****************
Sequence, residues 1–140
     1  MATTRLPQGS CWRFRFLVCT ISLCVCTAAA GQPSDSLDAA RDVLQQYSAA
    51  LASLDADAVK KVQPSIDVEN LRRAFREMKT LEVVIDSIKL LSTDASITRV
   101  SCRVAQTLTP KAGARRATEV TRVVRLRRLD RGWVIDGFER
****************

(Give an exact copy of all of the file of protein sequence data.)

Sequence, residues 1–140
     1  MATTRLPQGS CWRFRFLVCT ISLCVCTAAA GQPSDSLDAA RDVLQQYSAA
    51  LASLDADAVK KVQPSIDVEN LRRAFREMKT LEVVIDSIKL LSTDASITRV
   101  SCRVAQTLTP KAGARRATEV TRVVRLRRLD RGWVIDGFER